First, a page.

Spirited Away

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This 2001 Miyazaki film by Studio Ghibli tells the story of Chihiro Ogino (Hiiragi), a 10-year-old girl who, while moving to a new neighbourhood, enters the world of Kami. After her parents are turned into pigs by the witch Yubaba (Natsuki), Chihiro takes a job working in Yubaba's bathhouse to find a way to free herself and her parents and return to the human world.

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The Dogo Onsen shrine, located on the island of Shikoku in the south of Japan in the city of Matsuyama, is a classic example of real-time depiction of an actual place in an anime film.

Steins; Gate: The Movie − Load Region of Déjà Vu

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The 2013 anime film was a follow-up to the 2011 anime television series Steins; Gate. Directed by Hiroshi Hamasaki, Takuya Sato and Kanji Wakabayashi, the film is a part of the science fiction genre and captures the Mecca of Otaku-Akihabara in Tokyo.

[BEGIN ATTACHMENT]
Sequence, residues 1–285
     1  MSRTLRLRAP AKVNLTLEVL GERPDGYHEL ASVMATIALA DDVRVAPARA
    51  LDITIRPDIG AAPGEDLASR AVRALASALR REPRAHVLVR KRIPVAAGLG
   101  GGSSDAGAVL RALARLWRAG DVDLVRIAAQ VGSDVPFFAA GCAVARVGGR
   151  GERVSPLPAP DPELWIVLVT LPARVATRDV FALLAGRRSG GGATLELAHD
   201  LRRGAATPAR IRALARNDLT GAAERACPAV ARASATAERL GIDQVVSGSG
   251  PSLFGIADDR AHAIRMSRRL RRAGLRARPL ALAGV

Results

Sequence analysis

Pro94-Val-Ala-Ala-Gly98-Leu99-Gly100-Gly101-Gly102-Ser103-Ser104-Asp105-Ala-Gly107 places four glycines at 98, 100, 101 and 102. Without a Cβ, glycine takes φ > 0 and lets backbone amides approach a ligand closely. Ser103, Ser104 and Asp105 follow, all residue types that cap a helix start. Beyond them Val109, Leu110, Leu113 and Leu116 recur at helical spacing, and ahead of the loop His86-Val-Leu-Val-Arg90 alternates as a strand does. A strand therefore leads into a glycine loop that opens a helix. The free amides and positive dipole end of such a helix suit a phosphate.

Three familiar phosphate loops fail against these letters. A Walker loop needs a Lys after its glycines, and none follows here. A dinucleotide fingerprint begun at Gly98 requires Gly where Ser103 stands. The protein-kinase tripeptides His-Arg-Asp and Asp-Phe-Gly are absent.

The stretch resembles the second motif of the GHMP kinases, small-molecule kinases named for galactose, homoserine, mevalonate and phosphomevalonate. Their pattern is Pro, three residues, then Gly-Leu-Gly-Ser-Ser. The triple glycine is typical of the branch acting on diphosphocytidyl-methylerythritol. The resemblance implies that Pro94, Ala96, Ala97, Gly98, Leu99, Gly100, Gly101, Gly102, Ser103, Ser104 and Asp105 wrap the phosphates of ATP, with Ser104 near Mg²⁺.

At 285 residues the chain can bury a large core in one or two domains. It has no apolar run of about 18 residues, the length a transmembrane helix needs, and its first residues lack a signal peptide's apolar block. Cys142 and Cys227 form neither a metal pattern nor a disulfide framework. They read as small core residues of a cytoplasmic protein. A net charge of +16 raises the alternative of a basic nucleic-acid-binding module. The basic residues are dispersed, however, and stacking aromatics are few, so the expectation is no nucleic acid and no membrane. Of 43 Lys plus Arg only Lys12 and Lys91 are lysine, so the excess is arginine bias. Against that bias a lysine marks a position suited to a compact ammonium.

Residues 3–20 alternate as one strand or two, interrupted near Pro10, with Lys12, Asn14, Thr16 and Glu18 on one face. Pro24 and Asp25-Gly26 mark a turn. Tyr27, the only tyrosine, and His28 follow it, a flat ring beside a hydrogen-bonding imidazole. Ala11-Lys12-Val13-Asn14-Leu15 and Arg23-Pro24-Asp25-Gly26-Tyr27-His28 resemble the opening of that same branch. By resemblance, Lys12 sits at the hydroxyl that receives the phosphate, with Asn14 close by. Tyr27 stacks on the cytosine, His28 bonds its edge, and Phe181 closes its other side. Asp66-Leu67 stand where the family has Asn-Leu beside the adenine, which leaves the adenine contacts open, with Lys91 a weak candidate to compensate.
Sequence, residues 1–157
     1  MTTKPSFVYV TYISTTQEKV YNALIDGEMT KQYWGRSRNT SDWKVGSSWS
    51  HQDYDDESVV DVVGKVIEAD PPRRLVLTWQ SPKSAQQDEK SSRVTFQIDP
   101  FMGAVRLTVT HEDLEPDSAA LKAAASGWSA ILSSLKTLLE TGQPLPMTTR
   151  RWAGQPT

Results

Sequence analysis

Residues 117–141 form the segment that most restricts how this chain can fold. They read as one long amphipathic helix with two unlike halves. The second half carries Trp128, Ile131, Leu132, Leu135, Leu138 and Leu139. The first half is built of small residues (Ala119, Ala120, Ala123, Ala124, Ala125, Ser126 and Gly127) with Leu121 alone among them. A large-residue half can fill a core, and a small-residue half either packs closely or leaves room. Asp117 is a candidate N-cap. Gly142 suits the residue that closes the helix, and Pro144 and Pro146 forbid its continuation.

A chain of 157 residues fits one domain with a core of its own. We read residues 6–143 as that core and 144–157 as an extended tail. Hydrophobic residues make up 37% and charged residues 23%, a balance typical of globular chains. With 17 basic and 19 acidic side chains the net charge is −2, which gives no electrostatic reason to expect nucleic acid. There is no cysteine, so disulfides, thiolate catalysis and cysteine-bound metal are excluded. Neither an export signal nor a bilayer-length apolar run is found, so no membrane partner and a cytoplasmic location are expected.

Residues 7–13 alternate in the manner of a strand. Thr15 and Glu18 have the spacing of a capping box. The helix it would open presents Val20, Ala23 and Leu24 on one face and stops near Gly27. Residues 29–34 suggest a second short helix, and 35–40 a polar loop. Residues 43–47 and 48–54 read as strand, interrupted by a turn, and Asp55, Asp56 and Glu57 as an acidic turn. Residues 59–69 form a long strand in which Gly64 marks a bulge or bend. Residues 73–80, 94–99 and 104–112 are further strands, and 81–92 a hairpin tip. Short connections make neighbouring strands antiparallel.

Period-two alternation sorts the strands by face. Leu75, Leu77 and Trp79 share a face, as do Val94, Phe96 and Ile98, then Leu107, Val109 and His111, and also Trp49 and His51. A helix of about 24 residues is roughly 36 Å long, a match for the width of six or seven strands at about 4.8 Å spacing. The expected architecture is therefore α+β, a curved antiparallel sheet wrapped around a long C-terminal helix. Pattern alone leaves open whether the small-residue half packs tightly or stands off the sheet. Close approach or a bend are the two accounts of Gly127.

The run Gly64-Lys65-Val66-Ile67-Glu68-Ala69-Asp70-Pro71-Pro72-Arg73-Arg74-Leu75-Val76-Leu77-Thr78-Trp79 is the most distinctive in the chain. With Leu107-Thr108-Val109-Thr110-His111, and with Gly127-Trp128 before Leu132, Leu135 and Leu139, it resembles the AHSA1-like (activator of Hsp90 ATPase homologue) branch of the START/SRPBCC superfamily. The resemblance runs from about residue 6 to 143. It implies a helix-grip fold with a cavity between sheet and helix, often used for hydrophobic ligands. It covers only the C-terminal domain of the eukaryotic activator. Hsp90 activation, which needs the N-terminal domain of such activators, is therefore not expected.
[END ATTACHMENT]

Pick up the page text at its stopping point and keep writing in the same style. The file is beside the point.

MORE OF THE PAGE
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Often regarded as a manga and anime city, Akihabara is a wonderland for all anime lovers and manga-obsessed people across the globe. The famous bright yellow lights of the Radio Kaikan building located at the city junction are very hard to miss and are replicated accurately in the film.